Notably disgusted by the idea of being surrounded by a leftish counter-culture vibe, he starts his rant with this:
Writing from the epicenter of progressive thought, San Francisco, I would call attention to the parallels of fascist Nazi Germany to its war on its “one percent,” namely its Jews, to the progressive war on the American one percent, namely the “rich.”
In all seriousness, Perkins writes:
Kristallnacht was unthinkable in 1930; is its descendent ‘progressive’ radicalism unthinkable now?
First of all, the claim about a direct connection between Nazism and what he calls “progressive radicalism” seems quite dubious to me.
Mind you, he compares criticisms of the financial industry and demands for a higher marginal tax rate to the eliminatory antisemitism of the Nazis. And this guy went to Harvard and MIT. I do not know if this is more embarrassing for these institutions or the man himself. Assuming that he actually believes what he is saying, Perkins must suffer from a serious persecution complex.
There might be valuable things to be said about a regressive strain of anti-capitalism, but Mr. Perkins has none of these to offer.
In ‘communist America,’ you can still own $150 million yachts
Second, the last time I checked, radical progressivism/fascism/communism—these are interchangeably thrown around— had not exactly taken over America. To claim otherwise is either pure propaganda or plain delusional.
Consider this: In the imagined country that is supposedly as hostile towards the wealthy as the Nazis were towards the Jews, Perkins is still able to enjoy his extravagant $150 million yacht without being dragged from it and murdered by jackbooted thugs or pitchfork-wielding peasant mobs. Being a billionaire in today’s America is not exactly the same experience as being a Jew in Nazi Germany, after all.
You might dislike the idea of having to pay slightly higher taxes (even though it certainly would not hurt you), but if you seriously claim that this is in any way comparable to the suffering caused by the Nazis, then you, Sir, are an idiot.
Things not to do on social media (or anywhere else): rape threat edition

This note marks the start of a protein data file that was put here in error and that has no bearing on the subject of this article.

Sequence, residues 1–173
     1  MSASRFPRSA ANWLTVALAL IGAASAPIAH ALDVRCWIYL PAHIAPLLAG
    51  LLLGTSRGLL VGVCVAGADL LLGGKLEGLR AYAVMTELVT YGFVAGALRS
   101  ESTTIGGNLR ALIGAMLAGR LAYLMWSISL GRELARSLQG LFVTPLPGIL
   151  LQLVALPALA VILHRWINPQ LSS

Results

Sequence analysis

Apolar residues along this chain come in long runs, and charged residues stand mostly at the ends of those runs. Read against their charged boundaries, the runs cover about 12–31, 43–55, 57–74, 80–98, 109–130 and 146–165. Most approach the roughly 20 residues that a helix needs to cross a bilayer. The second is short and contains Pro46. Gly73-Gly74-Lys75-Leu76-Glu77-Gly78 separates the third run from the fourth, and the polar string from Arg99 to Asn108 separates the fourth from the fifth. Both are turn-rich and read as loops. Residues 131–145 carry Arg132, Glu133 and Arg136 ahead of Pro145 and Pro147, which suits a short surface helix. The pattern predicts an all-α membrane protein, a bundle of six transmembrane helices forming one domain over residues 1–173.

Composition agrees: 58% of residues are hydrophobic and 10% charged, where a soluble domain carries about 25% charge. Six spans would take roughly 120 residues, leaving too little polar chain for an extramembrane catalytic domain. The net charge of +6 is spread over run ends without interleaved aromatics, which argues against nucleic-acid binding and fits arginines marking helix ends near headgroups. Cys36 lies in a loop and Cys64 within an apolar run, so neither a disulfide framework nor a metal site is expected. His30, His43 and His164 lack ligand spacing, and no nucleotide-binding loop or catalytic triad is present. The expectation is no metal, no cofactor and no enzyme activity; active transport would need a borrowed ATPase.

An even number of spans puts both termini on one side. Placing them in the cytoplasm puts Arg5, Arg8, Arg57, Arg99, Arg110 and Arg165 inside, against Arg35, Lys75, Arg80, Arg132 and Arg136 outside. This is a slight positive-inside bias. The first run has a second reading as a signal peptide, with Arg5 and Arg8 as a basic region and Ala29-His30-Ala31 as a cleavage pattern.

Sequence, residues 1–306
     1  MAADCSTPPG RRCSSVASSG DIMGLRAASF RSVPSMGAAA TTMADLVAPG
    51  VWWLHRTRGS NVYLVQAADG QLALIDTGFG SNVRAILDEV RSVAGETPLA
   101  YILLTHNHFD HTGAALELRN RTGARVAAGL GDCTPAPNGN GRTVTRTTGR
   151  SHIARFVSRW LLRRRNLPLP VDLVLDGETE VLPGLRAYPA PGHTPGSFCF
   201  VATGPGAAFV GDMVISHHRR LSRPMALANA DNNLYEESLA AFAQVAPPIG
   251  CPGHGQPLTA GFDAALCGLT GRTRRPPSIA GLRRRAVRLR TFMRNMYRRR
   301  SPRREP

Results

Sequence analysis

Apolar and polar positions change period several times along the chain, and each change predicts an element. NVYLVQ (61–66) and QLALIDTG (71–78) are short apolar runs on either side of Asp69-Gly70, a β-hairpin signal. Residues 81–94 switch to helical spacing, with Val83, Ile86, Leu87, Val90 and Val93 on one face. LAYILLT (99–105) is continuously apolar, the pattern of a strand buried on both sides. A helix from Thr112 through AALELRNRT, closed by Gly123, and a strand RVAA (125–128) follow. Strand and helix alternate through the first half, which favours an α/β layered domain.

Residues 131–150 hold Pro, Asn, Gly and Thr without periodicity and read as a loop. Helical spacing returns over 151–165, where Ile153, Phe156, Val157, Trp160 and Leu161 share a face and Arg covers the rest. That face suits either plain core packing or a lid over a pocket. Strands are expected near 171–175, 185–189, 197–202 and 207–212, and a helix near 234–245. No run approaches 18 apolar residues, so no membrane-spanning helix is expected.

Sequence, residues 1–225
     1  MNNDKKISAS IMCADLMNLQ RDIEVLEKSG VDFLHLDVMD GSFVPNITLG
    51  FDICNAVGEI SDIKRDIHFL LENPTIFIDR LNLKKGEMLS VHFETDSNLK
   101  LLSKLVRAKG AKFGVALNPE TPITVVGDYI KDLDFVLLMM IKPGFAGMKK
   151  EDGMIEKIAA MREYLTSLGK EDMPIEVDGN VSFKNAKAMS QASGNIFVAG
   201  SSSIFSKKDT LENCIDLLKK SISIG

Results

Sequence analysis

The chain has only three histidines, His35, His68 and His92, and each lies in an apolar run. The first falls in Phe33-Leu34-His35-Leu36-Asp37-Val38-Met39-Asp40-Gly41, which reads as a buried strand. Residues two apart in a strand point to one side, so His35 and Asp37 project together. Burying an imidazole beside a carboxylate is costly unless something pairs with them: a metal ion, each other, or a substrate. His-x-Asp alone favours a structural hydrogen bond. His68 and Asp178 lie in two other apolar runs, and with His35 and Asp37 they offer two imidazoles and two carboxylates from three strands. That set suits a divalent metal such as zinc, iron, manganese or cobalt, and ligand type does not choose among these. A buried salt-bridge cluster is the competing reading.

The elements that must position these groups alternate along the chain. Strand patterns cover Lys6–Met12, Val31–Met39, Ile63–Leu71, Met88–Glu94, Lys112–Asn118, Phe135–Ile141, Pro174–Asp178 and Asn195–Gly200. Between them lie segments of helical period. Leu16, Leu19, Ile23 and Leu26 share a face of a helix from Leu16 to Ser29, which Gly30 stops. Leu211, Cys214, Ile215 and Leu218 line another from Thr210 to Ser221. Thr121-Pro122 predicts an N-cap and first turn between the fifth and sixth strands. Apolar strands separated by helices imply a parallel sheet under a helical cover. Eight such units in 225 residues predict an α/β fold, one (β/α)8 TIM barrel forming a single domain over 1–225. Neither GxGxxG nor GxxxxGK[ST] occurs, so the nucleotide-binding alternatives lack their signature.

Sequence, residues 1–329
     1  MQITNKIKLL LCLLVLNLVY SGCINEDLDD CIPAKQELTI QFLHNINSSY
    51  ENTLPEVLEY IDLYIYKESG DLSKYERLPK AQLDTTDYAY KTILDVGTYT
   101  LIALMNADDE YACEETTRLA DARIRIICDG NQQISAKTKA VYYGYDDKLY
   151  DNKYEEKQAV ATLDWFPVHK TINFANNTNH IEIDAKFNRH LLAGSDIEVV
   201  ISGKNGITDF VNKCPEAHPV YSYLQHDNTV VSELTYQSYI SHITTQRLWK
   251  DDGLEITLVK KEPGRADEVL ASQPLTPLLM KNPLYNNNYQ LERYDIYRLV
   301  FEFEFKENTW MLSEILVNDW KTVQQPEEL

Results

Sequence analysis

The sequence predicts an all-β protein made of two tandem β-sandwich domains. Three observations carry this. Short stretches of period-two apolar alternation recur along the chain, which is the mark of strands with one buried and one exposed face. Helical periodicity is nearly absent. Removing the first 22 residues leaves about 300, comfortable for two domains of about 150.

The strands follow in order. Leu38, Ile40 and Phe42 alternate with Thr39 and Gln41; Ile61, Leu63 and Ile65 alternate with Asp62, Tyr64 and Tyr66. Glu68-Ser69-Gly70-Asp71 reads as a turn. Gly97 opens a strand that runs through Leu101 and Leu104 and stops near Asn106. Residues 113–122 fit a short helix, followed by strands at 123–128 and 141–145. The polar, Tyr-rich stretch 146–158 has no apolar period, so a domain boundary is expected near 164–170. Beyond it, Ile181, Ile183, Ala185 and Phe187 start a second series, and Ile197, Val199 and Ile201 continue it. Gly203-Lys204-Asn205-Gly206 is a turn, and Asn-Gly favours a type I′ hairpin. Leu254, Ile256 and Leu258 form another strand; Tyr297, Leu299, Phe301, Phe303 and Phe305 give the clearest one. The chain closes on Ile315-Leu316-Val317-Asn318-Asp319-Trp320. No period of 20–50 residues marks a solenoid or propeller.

More from the never ending genre of people doing inappropriate/disgusting things on social media: In the UK, a couple has been arrested because they repeatedly threatened to rape a Labour politician on twitter, using several different accounts.
In the meantime, Twitter users have asked the social network for easier options to report such abuse.
In my opinion, rape threats are beyond the pale. Rape is not funny. Threatening sexualized violence on a person because of a disagreement is just wrong—it is never justifiable. In the offline world, it is a real problem causing massive suffering and traumatization every day for its survivors.
Please people, do not threaten to rape people on Twitter (or anywhere else) if you are a decent human being.
Social Publishing für eBooks mit ‘Page Pusher’
Die Social Publishing Plattform Page Pusher hat sich vorgenommen, Autor*innen mithilfe
Sozialer Medien zu einer zahlungsbereiten Leser*innenschaft für ihre eBooks zu verhelfen. Man lädt sein Werk als eBook hoch, dann werden alle Fans auf Sozialen Netzwerken über die Neuerscheinung benachrichtigt. Das Ganze finanziert sich über eine Provision. via Matthias Matting, netzpiloten.de
New post: Snowden: U.S. Officials Want Me Killed bit.ly/1nhQXWO
Steile These aus Princeton: Facebook wird 2017 80% seiner Nutzer*innen verlieren
Zwei Doktoranden der Ingenierswissenschaften haben kürzlich in einem Artikel die Ausbreitung des sozialen Netzwerks Facebook mit Modellen der Ausbreitung von Infektionskrankheiten verglichen. Ihre Vorhersage lautet: 2015 wird der steile Abstieg des populärsten sozialen Netzwerks beginnen. Ich bin mal sehr gespannt, aber es wäre nicht das erste mal in der Geschichte des Internets, dass eine extrem populäre Seite untergeht.
Update: Facebook schlägt zurück